Caramelized onions are a thing to be marveled. They are sweet and complex and made with the patience of your sweet dear grandmother. Here’s the how-to and if you’re interested, I’ll explain what caramelizing is and you choose if you’d like to keep reading or not.
LOW AND SLOW Y’ALL
- Take one white onion, 1ish tablespoon of oil (maybe a little more), and a sautee pan.
- Get your pan warmed up as you slice your onion to the desired thickness. I shoot for less than half an inch. Like a fourth of an inch thick ribbons.
- Put your oil in your pan and let it get warm as well and then add your onions. If it seems like there’s a lot, don’t worry, they’ll cook down.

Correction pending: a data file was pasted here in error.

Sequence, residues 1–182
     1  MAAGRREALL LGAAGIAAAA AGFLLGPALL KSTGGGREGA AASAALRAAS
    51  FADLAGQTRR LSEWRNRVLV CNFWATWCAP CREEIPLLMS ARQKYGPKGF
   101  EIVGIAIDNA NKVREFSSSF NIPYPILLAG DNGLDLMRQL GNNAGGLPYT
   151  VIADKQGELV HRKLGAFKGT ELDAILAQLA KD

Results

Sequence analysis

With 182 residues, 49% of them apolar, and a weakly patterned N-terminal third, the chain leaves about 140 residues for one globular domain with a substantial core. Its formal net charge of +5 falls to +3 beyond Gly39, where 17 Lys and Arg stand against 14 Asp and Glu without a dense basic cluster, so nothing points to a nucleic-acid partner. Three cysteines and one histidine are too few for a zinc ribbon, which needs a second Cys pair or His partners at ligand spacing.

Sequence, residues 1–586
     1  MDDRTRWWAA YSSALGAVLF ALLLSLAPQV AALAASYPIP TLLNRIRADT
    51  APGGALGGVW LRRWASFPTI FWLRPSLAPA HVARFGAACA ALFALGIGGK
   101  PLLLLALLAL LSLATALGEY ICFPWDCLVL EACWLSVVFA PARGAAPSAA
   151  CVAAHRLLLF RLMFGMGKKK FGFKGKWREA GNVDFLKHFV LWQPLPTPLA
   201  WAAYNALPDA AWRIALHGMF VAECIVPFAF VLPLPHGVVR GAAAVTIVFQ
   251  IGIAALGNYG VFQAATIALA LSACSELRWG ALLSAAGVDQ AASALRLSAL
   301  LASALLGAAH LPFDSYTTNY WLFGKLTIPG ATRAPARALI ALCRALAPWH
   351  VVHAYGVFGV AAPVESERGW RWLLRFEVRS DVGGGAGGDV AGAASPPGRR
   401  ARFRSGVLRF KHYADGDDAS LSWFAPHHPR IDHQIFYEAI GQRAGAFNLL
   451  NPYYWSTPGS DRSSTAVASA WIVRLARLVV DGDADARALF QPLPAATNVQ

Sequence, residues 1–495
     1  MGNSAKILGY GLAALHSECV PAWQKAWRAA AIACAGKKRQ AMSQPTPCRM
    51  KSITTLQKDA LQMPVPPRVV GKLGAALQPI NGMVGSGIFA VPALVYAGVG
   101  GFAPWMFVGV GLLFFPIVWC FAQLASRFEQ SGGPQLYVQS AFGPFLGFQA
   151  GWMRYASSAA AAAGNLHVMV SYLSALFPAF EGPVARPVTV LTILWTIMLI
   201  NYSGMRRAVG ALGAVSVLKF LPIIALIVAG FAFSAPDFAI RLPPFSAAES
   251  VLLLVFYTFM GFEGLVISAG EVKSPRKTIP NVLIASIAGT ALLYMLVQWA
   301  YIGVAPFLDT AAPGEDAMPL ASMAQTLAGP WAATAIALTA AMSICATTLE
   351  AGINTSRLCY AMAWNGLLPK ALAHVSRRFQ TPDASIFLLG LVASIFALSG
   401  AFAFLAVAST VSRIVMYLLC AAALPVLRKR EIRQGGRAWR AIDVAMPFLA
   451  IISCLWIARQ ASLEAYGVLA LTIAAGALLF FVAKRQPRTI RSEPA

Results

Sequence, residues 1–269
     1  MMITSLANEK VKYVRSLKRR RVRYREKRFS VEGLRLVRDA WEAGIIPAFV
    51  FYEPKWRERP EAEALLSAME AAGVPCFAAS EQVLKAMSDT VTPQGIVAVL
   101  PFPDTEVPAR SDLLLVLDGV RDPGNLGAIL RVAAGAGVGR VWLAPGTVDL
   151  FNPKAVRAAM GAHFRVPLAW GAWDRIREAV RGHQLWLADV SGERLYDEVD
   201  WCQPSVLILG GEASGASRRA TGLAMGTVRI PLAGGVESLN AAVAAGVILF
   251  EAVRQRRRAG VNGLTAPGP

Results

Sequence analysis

- The key is low and slow. You don’t want them to get crispy and this process should take 45+ minutes so keep them over low heat and keep them moving around the pan.
- They’ll start solid and white and then slowly become opaque before taking on a lovely golden brown color.
- When you get them to the desired sweetness sprinkle just a pinch of salt over them to help pronounce the flavor.
So what is caramelization? It is the process of drawing out the sugars in the product and then caramelizing those sugars to get them more complex and produce a sweeter vegetable. This can be done with bread products as well but it is called maillard (my-ard) browning.
Caramelized onions are great additions to salads, sandwiches, sauces, soups… basically they are sent from heaven and we should rejoice and eat them. But do yourself a favor and make them ahead of time so you have them on hand.